The other day I got in a conversation about aging and it occurred to me later to make a distinction between aging in a chronological sense and aging in a movement sense. I think this distinction can be very useful in everyday life.
Aging in a chronological sense is mostly about counting your birthdays and lamenting the fact that you are no longer as young as you used to be. There are also (hidden) expectations about getting old that include loss of abilities. We expect to become less flexible as we age. We expect to become a little weaker as we age (be honest, you don’t expect to be as strong when you are 80 as you were when you were 25) we expect to not have such good balance anymore.
I am not saying we look forward to it, or even think about it most of the time (though some people are obsessed with it). These are mostly expectations ‘below the surface of thinking’ (hidden) and they are there as a result of what we see around us in our society. For instance, we expect (even if we’re not looking forward to it) to get lines on our faces because basically everyone does.
Aging in a movement sense is mostly a shift that happens from childhood to adulthood to old age in our ability to move easily. If you take the time to look at young people moving you will notice that, unless they are sick or injured, they move with a lot of ease. It is easy for them to move and they move a lot. If you don’t know what I am talking about, make your way to the local preschool, kindergarten or grade school and wait for a break. The amount of exuberant movement is amazing. The situation is very different if you look at the residents of a retirement home.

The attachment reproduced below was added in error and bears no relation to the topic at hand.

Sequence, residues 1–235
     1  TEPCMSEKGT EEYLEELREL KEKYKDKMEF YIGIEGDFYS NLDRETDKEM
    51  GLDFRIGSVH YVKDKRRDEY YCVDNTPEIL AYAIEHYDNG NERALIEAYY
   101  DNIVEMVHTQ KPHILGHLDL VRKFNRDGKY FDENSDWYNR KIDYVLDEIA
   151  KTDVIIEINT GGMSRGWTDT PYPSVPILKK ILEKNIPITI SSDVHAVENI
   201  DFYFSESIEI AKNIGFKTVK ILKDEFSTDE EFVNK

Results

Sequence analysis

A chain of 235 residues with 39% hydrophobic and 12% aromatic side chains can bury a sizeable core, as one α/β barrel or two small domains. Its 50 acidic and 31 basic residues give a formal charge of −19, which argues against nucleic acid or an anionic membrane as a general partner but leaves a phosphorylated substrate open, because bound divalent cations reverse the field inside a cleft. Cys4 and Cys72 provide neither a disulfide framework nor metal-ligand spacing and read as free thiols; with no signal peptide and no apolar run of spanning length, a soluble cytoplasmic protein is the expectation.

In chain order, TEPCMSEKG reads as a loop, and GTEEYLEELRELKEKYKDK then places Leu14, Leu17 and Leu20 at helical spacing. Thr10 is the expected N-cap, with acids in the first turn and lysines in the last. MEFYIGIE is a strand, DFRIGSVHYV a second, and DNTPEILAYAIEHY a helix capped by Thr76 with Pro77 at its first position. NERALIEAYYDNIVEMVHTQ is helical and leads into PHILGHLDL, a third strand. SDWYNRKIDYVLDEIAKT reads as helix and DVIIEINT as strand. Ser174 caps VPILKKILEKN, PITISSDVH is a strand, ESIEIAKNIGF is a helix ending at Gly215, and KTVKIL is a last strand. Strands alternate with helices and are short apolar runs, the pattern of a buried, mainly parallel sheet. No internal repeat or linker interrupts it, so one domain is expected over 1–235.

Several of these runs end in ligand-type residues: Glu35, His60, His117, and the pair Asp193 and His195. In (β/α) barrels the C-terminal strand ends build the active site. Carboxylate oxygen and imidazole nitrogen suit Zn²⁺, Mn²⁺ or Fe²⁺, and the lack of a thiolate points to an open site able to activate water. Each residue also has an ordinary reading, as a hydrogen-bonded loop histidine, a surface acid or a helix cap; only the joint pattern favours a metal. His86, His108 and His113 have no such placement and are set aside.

The initial ease of movement in life seems to decline over the years and people become more and more sedate. Naturally you will find exceptions, but generally they move less and with more difficulties. Sometimes the difficulties have to do with strength, sometimes with tensions, sometimes with flexibility, sometimes with balance, sometimes with pain. Regardless of the reasons and explanations we can give the result is the same: limitations and difficulties in moving (and therefore limitations and difficulties doing what you want to do in life) increase with age.
So from a movement perspective we can define ‘young’ as someone who can move easily and without pain, and ‘old’ as someone who moves with difficulties, pains and limitations.
Most of the time chronological age and movement age match. People who are old in age are old in movement and people who are young in age are young in movement. But I have no doubt that we have all met people who are young in age but old in movement and people who are old in age but young in movement. It seems to me that it is possible to be young in movement into old age!!
Are people who are old in age and young in movement just lucky?
Or is it possible for all of us to be like that?
Can we keep our youthful movement into old age?
And if you are now old in movement (regardless of your chronological age) can you become young again?
And if it is possible to do, what techniques or methods can we use?
I believe that it is not only possible, but actually easy to do.
Let me know what you think…
Wishing you peace and health,